Social influences on decision-making are particularly pronounced during adolescence and have both protective and detrimental effects. To evaluate how responsiveness to social signals may be linked to substance use in adolescents, we used functional neuroimaging and a gambling task in which adolescents who have and have not used substances (substance-exposed and substance-naïve, respectively) made choices alone and after observing peers’ decisions. Using quantitative model-based analyses, we identify behavioral and neural evidence that observing others’ safe choices increases the subjective value and selection of safe options for substance-naïve relative to substance-exposed adolescents. Moreover, the effects of observing others’ risky choices do not vary by substance exposure. These results provide neurobehavioral evidence for a role of positive peers (here, those who make safer choices) in guiding adolescent real-world risky decision-making.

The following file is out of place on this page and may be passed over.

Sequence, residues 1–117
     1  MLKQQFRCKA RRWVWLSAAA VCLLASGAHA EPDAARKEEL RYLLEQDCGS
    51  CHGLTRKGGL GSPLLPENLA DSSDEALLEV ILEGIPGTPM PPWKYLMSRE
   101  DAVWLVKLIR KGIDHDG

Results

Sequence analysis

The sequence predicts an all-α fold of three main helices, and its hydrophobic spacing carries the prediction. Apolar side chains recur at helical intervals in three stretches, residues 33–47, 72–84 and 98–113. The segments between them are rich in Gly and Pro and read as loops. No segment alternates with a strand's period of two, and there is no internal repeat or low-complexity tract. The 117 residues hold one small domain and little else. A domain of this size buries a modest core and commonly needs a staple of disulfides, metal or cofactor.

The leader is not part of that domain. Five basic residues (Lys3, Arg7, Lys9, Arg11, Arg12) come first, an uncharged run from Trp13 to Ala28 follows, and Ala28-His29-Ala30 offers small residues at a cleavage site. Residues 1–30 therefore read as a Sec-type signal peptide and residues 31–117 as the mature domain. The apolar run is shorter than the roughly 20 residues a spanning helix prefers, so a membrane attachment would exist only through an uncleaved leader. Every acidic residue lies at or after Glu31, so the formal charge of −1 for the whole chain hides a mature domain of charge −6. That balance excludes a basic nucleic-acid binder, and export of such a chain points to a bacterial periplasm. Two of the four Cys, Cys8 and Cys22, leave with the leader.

adolescent, peer influence, decision-making, social influence, substance use